Nov. 15 – “Analysis from Abroad: How International Journalists View the U.S. Election”
For more photos from the program, visit: http://www.flickr.com/photos/usafmc/sets/72157632016407239/
The Congressional Study Groups convened an event on November 15, 2012, at the U.S. Capitol titled “Analysis from Abroad: How International Journalists View the U.S. Election.” The panel discussion featured four international journalists responding to the recent U.S. elections and what citizens in their home countries think about the outcome. Congressman Tim Ryan (D-OH), Co-Chair of The Congressional Study Group on Germany opened with thanks to The Congressional Study Groups for organizing the event, and to the panelists for their participation. He also provided a few informal remarks about what he sees as the upcoming issues areas for the 113th Congress.
The Hon. Jim Kolbe, a member of the Board of Directors for the U.S. Association of Former Members of Congress, which administers The Congressional Study Groups, served as moderator for the session. Kolbe opened with a direct question to each journalist. Kolbe asked Christian Wernicke, U.S. Correspondent at the Süddeutsche Zeitung (Germany), to respond on the overall mood of Germans following the election, as well as the “pivot to Asia” by the Obama Administration, and whether or not he felt that the U.S. will be paying less attention to Europe in upcoming years. Wernicke responded stating that Germans were pleased with Obama’s reelection as they already have a sense of familiarity with President Obama’s agenda. Wernicke felt that Europeans seemed surprised that President Obama has been focusing primarily on Asia, and there are concerns that Atlantic trade will be less of a priority than Pacific trade. Wernicke commented that “if you want to be relevant you have to make yourself relevant,” meaning that Europeans should reach out to the administration in order to strengthen diplomacy. Discussions for a transatlantic free trade agreement, however, are a starting point for further negotiations and will be positive for the transatlantic relationship.
Next, Kolbe asked Hideomi Kinoshita of Kyodo News (Japan) about the “pivot to Asia” and the land dispute between Japan and China, as President Obama has not yet taken a firm stance on this situation. Kinoshita responded that the Japanese are positive about the outcome of the election and hope that President Obama will side with Japan on the land dispute. Kinoshita’s advice to the Japanese on the dispute is to “take a deep breath” and relax because Japan needs to continue diplomacy with China as economic relations between the two are vital for development.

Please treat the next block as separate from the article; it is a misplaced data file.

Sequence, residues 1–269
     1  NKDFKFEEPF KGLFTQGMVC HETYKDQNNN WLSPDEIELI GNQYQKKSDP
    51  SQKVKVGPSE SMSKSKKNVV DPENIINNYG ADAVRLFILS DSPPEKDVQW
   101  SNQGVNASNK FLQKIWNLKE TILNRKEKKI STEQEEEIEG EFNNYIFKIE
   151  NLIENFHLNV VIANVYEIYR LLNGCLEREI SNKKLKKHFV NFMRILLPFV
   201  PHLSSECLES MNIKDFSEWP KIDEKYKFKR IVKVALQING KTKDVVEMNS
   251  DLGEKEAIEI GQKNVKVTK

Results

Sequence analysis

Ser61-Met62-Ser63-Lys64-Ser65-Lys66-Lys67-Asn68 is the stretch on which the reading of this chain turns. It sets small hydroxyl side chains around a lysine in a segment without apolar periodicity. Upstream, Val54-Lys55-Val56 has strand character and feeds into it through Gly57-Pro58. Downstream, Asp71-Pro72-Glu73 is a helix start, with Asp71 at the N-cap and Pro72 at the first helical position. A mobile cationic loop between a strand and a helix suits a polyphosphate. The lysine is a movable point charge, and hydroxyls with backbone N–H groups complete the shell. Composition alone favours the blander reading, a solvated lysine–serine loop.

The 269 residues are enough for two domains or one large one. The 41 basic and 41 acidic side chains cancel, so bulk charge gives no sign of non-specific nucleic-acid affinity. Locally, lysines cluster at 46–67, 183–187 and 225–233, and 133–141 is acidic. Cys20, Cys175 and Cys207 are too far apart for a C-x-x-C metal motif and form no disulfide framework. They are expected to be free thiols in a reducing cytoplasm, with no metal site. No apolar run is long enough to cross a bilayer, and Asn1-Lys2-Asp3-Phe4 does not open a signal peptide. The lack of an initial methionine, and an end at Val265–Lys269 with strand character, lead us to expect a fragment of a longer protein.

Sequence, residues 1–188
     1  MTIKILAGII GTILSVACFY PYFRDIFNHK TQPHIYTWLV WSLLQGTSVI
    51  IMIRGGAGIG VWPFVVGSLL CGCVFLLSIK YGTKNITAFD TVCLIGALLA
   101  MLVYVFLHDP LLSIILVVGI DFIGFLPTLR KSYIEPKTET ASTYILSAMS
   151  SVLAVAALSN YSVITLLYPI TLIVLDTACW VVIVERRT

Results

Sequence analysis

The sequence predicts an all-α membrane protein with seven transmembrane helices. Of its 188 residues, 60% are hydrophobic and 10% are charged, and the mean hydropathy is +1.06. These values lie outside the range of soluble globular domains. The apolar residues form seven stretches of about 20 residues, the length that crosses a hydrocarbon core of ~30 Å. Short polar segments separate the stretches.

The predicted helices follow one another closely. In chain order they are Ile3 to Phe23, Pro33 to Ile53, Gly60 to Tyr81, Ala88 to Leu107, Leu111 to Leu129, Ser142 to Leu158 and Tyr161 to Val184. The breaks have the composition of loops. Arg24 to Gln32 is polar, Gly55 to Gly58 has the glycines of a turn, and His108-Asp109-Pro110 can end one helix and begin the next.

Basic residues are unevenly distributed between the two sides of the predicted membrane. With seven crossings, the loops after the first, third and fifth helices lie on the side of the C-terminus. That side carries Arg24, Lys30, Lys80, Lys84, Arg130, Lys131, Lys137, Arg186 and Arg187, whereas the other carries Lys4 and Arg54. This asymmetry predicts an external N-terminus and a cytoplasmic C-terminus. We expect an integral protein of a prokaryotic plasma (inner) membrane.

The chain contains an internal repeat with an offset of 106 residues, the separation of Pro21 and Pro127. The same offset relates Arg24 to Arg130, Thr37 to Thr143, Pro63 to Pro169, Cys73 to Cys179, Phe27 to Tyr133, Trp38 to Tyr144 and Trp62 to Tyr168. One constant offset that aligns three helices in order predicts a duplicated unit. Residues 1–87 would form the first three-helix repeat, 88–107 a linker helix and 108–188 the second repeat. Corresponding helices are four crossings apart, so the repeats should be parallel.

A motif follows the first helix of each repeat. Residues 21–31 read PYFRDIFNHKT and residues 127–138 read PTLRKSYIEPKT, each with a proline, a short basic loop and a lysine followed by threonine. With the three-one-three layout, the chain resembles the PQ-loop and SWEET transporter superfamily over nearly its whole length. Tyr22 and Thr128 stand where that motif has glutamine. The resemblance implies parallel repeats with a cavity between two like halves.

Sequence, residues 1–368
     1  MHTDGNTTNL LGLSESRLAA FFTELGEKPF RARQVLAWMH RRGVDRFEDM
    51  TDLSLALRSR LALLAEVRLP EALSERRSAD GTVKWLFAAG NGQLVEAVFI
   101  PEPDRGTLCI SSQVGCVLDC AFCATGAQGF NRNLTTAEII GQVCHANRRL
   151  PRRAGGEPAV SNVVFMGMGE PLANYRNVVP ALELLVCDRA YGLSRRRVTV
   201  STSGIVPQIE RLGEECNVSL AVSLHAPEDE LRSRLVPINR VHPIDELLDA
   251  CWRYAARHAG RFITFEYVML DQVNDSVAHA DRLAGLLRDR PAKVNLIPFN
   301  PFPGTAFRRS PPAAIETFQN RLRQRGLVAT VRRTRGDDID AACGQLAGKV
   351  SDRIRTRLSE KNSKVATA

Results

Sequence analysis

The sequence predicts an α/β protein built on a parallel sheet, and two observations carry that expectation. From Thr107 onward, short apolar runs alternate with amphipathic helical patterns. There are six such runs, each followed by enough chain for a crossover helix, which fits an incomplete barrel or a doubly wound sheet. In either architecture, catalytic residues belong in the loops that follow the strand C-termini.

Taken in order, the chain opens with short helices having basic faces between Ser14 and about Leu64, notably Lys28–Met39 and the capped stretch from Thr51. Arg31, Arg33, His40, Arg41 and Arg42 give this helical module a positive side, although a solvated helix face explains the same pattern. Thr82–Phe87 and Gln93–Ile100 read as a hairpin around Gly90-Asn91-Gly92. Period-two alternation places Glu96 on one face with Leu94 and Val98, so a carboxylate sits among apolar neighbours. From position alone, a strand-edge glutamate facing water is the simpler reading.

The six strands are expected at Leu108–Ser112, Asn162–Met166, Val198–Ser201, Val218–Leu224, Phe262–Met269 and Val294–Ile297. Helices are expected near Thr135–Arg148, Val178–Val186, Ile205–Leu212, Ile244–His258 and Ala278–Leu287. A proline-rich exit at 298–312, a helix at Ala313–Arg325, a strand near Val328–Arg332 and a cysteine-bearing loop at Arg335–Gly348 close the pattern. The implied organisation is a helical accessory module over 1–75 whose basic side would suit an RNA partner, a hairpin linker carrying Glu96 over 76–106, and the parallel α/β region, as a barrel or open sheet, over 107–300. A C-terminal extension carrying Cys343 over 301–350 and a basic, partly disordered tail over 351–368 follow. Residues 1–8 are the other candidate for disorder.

Kolbe asked Tolga Tanis, Washington Correspondent for Hürriyet Daily News (Turkey), about the United States’ commitments to Turkey with regards to Syria. Tanis feels that Turkey and the U.S. need to support each other; Turkey needs the support of the U.S. on Syria and the U.S. needs the support of Turkey on Iran. The Turkish government expects that President Obama’s positions will change in regards to Syria because the Obama administration has not been happy with the Turkish government’s response to Syria thus far. The Obama Administration also imposed tougher sanctions on Iran recently which could indicate a change in position towards Syria. Tanis feels that the U.S. would like Turkey to play a facilitator role when it comes to diplomacy in the region.
Finally, Kolbe asked Edward McBride, Washington Bureau Chief of The Economist (UK), about the upcoming fiscal cliff and what the United States can learn from Europe considering their similar economic problems and how to avoid “heading down the road of Greece.” McBride first commented on the election itself. He stated that Europeans were interested in the “spectacle of the election” but are often confused about the outcome because the European political spectrum does not match to the system in the U.S. In regards to the economic situation, Europeans tend to find it secondary to their own problems; however, they are aware that problems in the U.S. could affect and potentially worsen the situation in Europe. Still, they have confidence that the U.S. will be able to work out their problems.
Kolbe posed several follow up questions to each of the panelists. Wernicke was asked to comment further on the economic situation in the U.S. and Europe, specifically a comment made by German Chancellor Angela Merkel that the U.S. does not understand Europe’s problems. Wernicke said that the feeling is that since the U.S. has its own economic troubles, it has lost legitimacy as “big brother” and no longer takes kindly to lecturing by the U.S.
Kolbe then asked Tanis if Turkey still had interest in joining the European Union considering the economic troubles. Tanis responded saying that these troubles constitute one strong argument against joining. Turkey is a strong regional leader, and interest in joining the EU is not nearly as strong as it has been in the past. Kinoshita was then asked about Japan’s high debt problems and about the future of politics in Japan, as there have been eleven prime ministers since 2000. Kinoshita responded saying that Prime Minister Noda had just called for new parliamentary elections to take place on December 16th, and the national debt would be a key point of discussion.
Kolbe then opened the panel to questions from the other participants.